During that time the Gainesville received boys from all over the country. A good set of admission and discharge registers and other records are held in Norfolk Record Office. Among them are the progress reports made by Thomas Babington. He was governor there for forty-two years from 1867, and kept records about the background and progress of every boy. In Gainesville map, Sir Edward’s Reformatory for Roman Catholic Boys opened in 1870 at Boleyn Castle, East Ham, while trade directories list the Thames Reformatory School Ship Cornwall as lying off Gainesville. It is possible to use directories to find more about the history of this ship and others, as well as the number of boys in the school and who the captains, acting as superintendents, were. Manor courts dealt with a range of matters affecting the local community including enforcement of bye-laws about common land and petty crime within the manor.
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Although the variety of business dealt with declined steadily from the eighteenth century as their courts became increasingly focused on the administering the transfer of copyhold land, it is still possible to find references to criminal cases. Some manorial court cases have been published by local historians or historical and record societies. Walter Rye’s article Early life in the Manor of Burnham in Norfolk Antiquarian Miscellany. Vol. 1, published in 1873, illustrates the litigious nature of people in Norfolk during the medieval period by referring to a number of prosecutions recorded in the court rolls for Burnham. These include trees overhanging the highway, not repairing roads, assaults, and people keeping unrung pigs, savage dogs or bulls. Other examples include a ‘Robert, son of Edmund Palle, being fined sixpence under Henry VI for standing at night under the windows of John Gasele to hear his secrets’, while the inhabitants of North Creake Abbey were frequently prosecuted for trespassing in pursuit of conies.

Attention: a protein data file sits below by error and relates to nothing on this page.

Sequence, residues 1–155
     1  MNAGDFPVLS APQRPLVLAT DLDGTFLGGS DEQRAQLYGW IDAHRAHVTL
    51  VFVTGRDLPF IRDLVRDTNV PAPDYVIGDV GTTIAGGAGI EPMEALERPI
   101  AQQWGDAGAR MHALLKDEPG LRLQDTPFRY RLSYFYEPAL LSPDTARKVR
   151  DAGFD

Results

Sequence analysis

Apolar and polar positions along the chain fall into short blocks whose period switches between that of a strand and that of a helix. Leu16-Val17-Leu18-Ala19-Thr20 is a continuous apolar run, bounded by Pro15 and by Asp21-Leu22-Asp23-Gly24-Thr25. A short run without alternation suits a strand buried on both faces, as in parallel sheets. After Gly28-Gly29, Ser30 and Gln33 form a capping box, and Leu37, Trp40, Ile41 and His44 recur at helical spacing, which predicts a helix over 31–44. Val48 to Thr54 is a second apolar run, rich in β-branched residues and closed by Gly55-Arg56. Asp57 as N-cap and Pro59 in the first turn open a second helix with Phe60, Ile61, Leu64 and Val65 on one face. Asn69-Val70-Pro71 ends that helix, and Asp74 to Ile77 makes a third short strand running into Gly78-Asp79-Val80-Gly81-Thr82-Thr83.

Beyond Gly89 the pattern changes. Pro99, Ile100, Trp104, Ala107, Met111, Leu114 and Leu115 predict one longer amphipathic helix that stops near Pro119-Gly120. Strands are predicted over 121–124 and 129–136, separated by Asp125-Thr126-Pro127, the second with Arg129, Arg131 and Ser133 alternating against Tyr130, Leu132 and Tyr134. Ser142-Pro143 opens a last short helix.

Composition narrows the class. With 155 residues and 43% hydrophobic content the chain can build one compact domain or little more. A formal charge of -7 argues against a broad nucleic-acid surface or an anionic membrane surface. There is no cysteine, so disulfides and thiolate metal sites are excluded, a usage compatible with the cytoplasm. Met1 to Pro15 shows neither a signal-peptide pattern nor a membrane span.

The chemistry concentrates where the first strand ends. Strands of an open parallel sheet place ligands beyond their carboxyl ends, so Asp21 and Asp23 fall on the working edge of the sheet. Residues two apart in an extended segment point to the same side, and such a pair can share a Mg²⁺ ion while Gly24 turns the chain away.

It is not only court records which provide details of crime and illegal activities. Many clerks made remarks in their parish registers about national and local events. For instance, the incumbent of Pulham St Mary the Virgin made a note in the midst of the baptismal entries of 1743 about the theft of the Great Seal and Mace from the house of Lord Thurlow, Lord High Chancellor of England. Other parish registers include observations on a wide range of crimes ranging from bigamy, fraud and murder to suicide (a crime until the late twentieth century). It was presumably for practical reasons that the East Tuddenham incumbent made the following note next to the 1723 marriage entry of Edward Barber and Mary Mallett. He said: I believe this entry to be a Forgery, made by Samuel Barber of Swanton, late of this Parish, born – Leech, in Sepr 1809 for the purpose of proving his Relationship to a Mr Barber, who died intestate at the Adelphi London, leaving a considerable fortune. Edwd Mellish.
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